Corporate Interests in Science

Sam Irvine

Introduction

Currently in the UK most university research groups are typically publicly funded, as is most of the university system. Public budgets are under intense pressure with the ongoing financial crisis. As such, many universities are looking to court corporations to fund research relevant to that corporation’s interest. At first the benefits seem obvious, universities receive funding and the corporations receive the expertise of world class researchers in their respective fields. The extra funding will allow universities to reallocate funds, funding more than one research group and may be used to subsidise blue sky research. An area with mostly long term benefits and as such probably ignored by a profit driven body like a corporation.  In fact, the benefits may go much further than direct funding. Research groups may be given access to large data sets from previous studies they may not be able to recreate themselves. They may directly influence the development of new technologies and products, increasing the attractiveness and profile of the university. Finally, a university that can show many successful corporate partnerships will in turn attract more corporate partners and hence more funding and greater recognition. This is a facet becoming more and more important as universities need to compete with each other to justify their fees and attract new students. An important question to ask would be; should science stop worrying and learn to love big business?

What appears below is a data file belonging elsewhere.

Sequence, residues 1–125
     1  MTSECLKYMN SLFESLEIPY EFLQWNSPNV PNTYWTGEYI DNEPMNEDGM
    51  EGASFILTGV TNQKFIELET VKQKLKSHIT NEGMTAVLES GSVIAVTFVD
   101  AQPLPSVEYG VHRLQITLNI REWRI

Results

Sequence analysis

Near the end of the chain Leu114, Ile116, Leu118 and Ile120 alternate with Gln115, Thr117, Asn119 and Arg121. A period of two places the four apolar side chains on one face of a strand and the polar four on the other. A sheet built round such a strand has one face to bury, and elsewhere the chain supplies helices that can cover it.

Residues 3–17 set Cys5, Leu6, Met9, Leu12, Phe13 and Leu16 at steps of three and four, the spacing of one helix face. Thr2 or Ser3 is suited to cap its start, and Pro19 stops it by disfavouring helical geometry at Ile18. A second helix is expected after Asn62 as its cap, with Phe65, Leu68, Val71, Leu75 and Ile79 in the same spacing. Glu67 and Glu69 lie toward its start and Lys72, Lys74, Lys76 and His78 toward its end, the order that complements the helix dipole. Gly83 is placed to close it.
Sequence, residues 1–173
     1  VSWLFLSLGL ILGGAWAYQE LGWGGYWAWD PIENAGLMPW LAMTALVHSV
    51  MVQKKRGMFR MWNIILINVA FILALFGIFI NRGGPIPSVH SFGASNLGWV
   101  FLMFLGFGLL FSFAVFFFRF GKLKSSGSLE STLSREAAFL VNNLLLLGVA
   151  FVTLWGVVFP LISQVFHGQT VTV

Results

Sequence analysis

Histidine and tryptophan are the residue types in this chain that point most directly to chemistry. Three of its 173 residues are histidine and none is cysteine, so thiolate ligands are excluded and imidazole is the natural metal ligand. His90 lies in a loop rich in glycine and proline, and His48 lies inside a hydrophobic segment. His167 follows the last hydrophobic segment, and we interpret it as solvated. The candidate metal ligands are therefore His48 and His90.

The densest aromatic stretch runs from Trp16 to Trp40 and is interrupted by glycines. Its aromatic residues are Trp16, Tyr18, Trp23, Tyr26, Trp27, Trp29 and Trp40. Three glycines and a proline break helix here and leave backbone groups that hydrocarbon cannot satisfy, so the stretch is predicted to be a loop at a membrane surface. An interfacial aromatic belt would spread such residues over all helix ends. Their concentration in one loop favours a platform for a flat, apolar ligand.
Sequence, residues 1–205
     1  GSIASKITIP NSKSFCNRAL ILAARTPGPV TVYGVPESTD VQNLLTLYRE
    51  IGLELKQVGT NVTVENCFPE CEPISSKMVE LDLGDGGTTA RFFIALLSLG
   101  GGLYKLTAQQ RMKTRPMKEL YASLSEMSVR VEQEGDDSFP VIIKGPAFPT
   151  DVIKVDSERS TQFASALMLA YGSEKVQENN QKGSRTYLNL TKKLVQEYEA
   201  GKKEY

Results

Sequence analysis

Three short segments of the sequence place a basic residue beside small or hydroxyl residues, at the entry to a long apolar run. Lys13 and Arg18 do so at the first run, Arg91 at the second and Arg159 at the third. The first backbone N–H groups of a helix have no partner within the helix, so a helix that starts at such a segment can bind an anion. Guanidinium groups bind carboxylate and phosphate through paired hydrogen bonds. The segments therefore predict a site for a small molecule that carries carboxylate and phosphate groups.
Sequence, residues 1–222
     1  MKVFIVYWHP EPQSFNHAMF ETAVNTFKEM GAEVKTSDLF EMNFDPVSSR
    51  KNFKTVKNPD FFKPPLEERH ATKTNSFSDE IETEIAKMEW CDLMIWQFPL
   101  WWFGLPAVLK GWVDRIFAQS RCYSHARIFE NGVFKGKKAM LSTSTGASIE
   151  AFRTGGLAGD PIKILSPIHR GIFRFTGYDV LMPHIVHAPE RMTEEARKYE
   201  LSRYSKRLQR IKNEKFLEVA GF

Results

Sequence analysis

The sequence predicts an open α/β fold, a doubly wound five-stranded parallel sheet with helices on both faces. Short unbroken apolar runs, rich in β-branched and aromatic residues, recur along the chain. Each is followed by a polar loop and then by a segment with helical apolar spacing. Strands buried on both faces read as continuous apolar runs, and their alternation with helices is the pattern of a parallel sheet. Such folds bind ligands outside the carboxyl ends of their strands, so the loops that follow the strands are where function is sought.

Issues with Corporate Involvement in Science

There are many possible issues and pitfalls associated with corporate involvement in science. The aims of public science and corporations are very different as science is -nominally at least- based on openness and collaboration. Corporations conversely, are profit focused above all else. Openness and collaboration can in some cases drastically eat into the profitable nature of a venture, not least when patents are involved. Declaring results before obtaining a patent for the relevant innovation may allow rivals to poach the technology from underneath the corporation. Hence, some corporations request the results of scientific studies be kept secret, possibly indefinitely if the study casts doubt over the efficacy or safety of the product the corporation is investigating. There is a terrifying example of this from the pharmaceutical industry where safety is paramount and marginal gains in efficacy can have drastic consequences for a patient’s quality of life. The attempted suppression occurred in 1996 to Dr. Nancy Oliveri [1]. Oliveri identified an unexpected risk in a drug used to manage an inherited bone disorder.   When Oliveri attempted to warn patients and her colleagues, Apotex Inc. -the company behind the drug- prematurely cancelled the study and warned Oliveri that she would face legal action should the risks be disclosed to any third parties. Oliveri continued her analysis of the drug regardless and found a second more hazardous risk. Fortunately Oliveri ignored the further threats of legal action that followed this discovery to publish her results in a peer –reviewed journal. Oliveri was abandoned by her employing university and subject to intense criticisms from them and Apotex Inc. attempting to discredit her. Oliveri was finally vindicated in 2002 following a swathe of follow up studies confirming her results. Unfortunately the number of incidences of this suppression of results is hard to measure despite its worrying nature as it completely undermines the scientific principle of reporting all of your results.